—– By: Ann Miller —–
Will the Maryland State Education Association (MSEA) defend Maryland teachers against the unfounded charge of racism? The Baltimore Sun’s Editorial Board [“There are better ways for Baltimore County to promote school discipline than suspending students,” Oct. 30, 2018] refuted my statement that “we should not assume that a disparity reflects discrimination without evidence” by referencing an article about a study by the U.S. Government Accountability Office (GAO).
The study concluded that disparities in discipline administered between black and white students is due to teacher discrimination, not because there was evidence of teacher discrimination, but because the disparity existed in both poor and affluent schools. That was the sum total of the evidence the GAO required to convict our nation’s teachers.
The study was not limited to similar consequences for similar offenses, just the sheer number of suspensions and disciplinary actions by student demographic group. Further, did the study take into consideration repeat offenses? For instance, if Student A committed an offense and Student B did the same offense for the fourth time that month and was disciplined more harshly and happened to be black, was that viewed as discriminatory?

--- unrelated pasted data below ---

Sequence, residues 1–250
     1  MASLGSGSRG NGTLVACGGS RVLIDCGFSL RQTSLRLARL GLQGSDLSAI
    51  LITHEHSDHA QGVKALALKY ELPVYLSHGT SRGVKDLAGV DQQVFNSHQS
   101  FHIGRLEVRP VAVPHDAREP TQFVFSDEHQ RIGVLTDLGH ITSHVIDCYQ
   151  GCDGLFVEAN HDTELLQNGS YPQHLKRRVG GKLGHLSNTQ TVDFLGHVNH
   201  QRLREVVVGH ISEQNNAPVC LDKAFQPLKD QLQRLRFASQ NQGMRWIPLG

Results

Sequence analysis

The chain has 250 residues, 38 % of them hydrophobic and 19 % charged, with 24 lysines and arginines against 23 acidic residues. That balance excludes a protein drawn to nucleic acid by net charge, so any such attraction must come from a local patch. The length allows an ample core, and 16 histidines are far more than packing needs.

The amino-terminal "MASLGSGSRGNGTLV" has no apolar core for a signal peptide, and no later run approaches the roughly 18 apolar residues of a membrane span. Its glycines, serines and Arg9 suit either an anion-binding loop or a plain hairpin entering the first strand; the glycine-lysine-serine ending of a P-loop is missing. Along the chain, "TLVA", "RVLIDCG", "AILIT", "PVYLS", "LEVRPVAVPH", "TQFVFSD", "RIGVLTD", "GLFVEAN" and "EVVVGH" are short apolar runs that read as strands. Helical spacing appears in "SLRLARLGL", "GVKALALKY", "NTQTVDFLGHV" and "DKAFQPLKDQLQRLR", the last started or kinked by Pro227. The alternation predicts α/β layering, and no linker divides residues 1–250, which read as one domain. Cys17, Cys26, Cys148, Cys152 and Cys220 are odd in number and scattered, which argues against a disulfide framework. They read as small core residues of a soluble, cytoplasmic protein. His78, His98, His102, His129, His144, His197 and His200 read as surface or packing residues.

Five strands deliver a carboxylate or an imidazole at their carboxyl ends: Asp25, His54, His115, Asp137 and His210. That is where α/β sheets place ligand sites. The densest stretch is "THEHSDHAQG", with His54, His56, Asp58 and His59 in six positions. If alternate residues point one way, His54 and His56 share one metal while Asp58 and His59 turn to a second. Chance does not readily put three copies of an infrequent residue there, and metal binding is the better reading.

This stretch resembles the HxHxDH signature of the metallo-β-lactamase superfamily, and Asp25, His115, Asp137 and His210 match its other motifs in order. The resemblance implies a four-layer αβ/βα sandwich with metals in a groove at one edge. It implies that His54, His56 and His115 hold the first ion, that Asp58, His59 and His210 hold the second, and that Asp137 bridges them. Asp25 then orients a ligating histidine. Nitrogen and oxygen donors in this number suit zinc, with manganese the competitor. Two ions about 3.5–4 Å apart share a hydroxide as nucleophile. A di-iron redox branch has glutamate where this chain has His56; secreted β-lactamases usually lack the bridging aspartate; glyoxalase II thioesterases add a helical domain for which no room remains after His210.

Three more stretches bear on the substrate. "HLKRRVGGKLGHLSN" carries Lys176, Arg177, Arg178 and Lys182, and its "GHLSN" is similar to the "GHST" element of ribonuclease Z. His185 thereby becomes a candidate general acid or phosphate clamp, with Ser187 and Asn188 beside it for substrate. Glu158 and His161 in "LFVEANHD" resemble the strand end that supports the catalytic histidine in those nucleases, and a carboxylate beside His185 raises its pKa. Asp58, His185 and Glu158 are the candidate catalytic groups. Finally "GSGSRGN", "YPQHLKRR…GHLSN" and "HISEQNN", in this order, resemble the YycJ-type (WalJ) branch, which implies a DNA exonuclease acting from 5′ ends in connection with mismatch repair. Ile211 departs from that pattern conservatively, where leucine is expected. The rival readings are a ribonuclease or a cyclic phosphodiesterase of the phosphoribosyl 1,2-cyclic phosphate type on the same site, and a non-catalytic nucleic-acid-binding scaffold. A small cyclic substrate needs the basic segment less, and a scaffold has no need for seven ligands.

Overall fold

Wrongfully labeling appropriate discipline as discriminatory is as harmful as real discrimination. When students are not disciplined when it is warranted, those needing supports and interventions are not identified. This disproportionately harms our at-risk students the most. Focusing on reducing discipline disparity rather than the actual behaviors is creating a double-standard for discipline that’s escalating behavioral issues in both severity and frequency.
The Sun’s Editorial Board, in leaping to the same conclusion as the GAO, ignores the many other factors that studies have shown influence student behavior, including poverty, fatherlessness, food insecurity, behavioral and academic challenges, lack of parental involvement, illiteracy, emotional trauma, mental health issues, special needs, and drug use. They wish us to simply accept as settled fact that our teachers are racist.
The MSEA has been noticeably silent on the issues of discipline reduction pressure and teacher racism accusations. This is hard to fathom, as behavior issues are one of the top reasons teachers leave the profession. Baltimore County Public Schools’ Stakeholder Survey last year cited student assaults on a staff member as the number one reason for suspensions. I have personally spoken to several teachers who were put on disability from student assaults. While teachers are not only mentally and physically harmed by unaddressed student behavior, and are now being blamed for it, the MSEA is silent.
Ann Miller is an at large member of Baltimore County Public Schools Board of Education. The views expressed above are her own, and were not submitted by her as a board member or on behalf of the school board.